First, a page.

Saturday, 9 June 2012

Bramshill 2012

Bramshill walks

Walks around the Bramshill plantation.

Bramshill Orchids 2010
Bramshill and Riseley
Bramshill 2012
Bramshill 2013
Bramshill and Hazeley Heath 2014
Bramshill 2015

Since my last posting on 26th May the sunshine was replaced by clouds and rain, repeating the dry March and wet April pattern. So walks at the peak period for Spring flowers have not been feasible (due to muddy paths as much as rain itself). Today was the one bright day in a long sequence of dull, wet days. Nature as ever is making the most of it, plants look lush and insects are doing very well in the wetter conditions.
This walk is now an annual pilgrimage to the Forestry Commission Woodland at Bramshill, an extensive two square mile of conifer forest with extensive boggy drains and ponds.
The number of damselflies was amazing, the extensive network of ditches in the wet weather must be to their liking. There were many deep blue demoiselles which eluded me, but I caught this female small red damselfly (I think) on the ground.

red damselfly

Butterflies were few and far between, I only saw Common Blue; Speckled Wood and Small Heath. I did track down this moth which is just as visually exciting it is Mother Shipton moth (Callistege mi) apparently named after the 'witch/old crone' like marking on the wings.

Mother Shipton,Callistege mi

The main attraction of Bramshill at this time of year is the orchids. I explored a large proportion of the plantation in search of new localities, as it turned out the areas I already knew about proved the best. There were many Common Spotted Orchids dotted here and there.

Common Spotted Orchid

The conifer plantation was devoid of much of interest, I kept my eyes out for a snake or lizard in sunny spots without luck. I did spot an enormous ant hill covered in wood ants being their normal industrious selves.

wood ant hill

There was quite a lot of horseshoe vetch in brilliant yellow flower.

horseshoe vetch

I was pleased to see a now fairly rare marshland plant 'ragged robin' Lychnis flos-cuculi along a track-side.

ragged robin,Lychnis flos-cuculi

The most spectacular thing I saw were dragonflies, not just the ordinary spindly variety but the larger and fatter Broad-bodied Chaser (Libellula depressa) which when I saw it first flying towards me, I wondered if it was a hornet. The females are yellow and the males are turquoise blue, I did see some of each gender. More impressive in flight but impossible to photograph I had to stalk this one carefully where it was sunning itself.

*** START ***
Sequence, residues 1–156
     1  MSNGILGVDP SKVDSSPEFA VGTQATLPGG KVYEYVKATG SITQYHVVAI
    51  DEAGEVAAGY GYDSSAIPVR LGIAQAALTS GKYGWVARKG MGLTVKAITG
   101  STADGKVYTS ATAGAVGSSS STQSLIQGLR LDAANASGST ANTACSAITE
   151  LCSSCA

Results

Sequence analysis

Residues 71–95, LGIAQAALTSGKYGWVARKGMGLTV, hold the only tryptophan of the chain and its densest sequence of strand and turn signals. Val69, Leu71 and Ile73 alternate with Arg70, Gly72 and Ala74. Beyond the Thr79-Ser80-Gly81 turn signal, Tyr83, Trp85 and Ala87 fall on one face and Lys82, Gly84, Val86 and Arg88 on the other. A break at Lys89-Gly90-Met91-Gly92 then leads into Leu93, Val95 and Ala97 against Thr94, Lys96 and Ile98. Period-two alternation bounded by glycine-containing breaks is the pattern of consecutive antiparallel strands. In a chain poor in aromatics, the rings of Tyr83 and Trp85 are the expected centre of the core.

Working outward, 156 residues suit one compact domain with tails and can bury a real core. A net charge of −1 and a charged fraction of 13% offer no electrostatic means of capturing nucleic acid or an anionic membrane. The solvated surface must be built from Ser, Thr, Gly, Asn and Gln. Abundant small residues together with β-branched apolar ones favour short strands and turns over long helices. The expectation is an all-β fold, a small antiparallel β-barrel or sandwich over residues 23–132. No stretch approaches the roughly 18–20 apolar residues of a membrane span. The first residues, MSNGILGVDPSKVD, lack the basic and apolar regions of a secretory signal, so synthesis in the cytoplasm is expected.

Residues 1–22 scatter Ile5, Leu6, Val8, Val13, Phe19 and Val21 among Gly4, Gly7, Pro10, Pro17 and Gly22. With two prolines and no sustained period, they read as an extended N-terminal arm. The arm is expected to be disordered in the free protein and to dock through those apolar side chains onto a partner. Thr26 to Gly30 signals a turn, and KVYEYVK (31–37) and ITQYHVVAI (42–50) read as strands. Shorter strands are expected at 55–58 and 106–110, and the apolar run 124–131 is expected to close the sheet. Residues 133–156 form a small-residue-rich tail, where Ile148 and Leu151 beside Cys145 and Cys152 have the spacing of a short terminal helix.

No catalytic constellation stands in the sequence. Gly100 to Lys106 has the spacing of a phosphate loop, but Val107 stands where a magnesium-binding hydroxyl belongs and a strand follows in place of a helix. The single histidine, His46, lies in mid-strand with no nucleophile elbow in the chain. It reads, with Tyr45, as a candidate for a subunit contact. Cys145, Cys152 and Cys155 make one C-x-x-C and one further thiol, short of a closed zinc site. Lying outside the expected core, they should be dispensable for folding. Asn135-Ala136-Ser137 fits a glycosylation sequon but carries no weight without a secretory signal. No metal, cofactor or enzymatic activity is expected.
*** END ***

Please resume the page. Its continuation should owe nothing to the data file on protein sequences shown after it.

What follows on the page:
Broad-bodied Chaser,Libellula depressa

Back to the orchids. I have always wondered whether there is hybridisation going on here as some of them do not look like Southern Marsh orchids or Common Spotted orchids but somewhere in between. What do you think? The 'tail' varies considerably and the markings too. The first has the wavy bottom lip that is in between a Common Spotted and Southern Marsh. The bracts are long making it more like Southern Marsh.

Common Spotted Orchid

The next looks like Southern Marsh as it has no separate 'tail' on the lower petal.

Common Spotted Orchid

The third has lines rather than the usual dots and loops with sharp corners rather than the usual smooth curves.

Common Spotted Orchid

And a close-up of a 'standard' Common Spotted flower.

Common Spotted Orchid

A conifer plantation is not brilliant for birds, a buzzard was flying around and I did see long tailed tits and hear the more usual suspects in the woods. On one of the ponds a pair swans were feeding their two cygnets (a small number of offspring for swans - but there are foxes in the woods). I did try to get an artistic shot and this is the best I could do.

Swans

Another insect shot, I caught this intimate pair of shield bugs (Birch Shieldbug, Elasmostethus interstinctus) on figwort. If you look carefully there is a third one on the right as a peeping tom!

Birch Shieldbug,Elasmostethus interstinctus

I took many pictures of the more common flowers, I think this might be Heath Speedwell (Veronica officinalis)

flower

I found Bee Orchids (Ophrys apifera) on my first visit to Bramshill in summer and I have seen them on each visit since. However this year there do seem to be fewer than usual, it may be the weather or just their flowering has been delayed. They seem to like the sides of the ditches that criss-cross the area and I found isolated plants dotted all over the area. This was my best attempt to capture this strange flower.

bee orchid,Ophrys apifera

Striking but probably an import was a small clump of lupins, very vibrant purpley blue and where I will leave my trip to Bramshill for this year.

Lupin

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